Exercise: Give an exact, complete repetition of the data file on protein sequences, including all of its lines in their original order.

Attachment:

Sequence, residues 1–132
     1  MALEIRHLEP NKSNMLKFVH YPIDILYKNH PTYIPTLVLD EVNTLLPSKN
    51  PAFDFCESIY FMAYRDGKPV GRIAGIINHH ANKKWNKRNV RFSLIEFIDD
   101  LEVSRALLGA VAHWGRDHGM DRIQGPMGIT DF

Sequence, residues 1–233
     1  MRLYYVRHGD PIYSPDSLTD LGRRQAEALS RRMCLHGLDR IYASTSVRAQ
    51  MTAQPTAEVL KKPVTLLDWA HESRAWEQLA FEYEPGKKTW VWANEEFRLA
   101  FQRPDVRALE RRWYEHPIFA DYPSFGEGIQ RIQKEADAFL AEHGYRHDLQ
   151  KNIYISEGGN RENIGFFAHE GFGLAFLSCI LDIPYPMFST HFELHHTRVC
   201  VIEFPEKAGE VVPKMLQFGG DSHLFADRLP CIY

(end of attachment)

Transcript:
Sequence, residues 1–132
     1  MALEIRHLEP NKSNMLKFVH YPIDILYKNH PTYIPTLVLD EVNTLLPSKN
    51  PAFDFCESIY FMAYRDGKPV GRIAGIINHH ANKKWNKRNV RFSLIEFIDD
   101  LEVSRALLGA VAHWGRDHGM DRIQGPMGIT DF

Sequence, residues 1–233
     1  MRLYYVRHGD PIYSPDSLTD LGRRQAEALS RRMCLHGLDR IYASTSVRAQ
    51  MTAQPTAEVL KKPVTLLDWA HESRAWEQLA FEYEPGKKTW VWANEEFRLA
   101  FQRPDVRALE RRWYEHPIFA DYPSFGEGIQ RIQKEADAFL AEHGYRHDLQ
   151  KNIYISEGGN RENIGFFAHE GFGLAFLSCI LDIPYPMFST HFELHHTRVC
   201  VIEFPEKAGE VVPKMLQFGG DSHLFADRLP CIY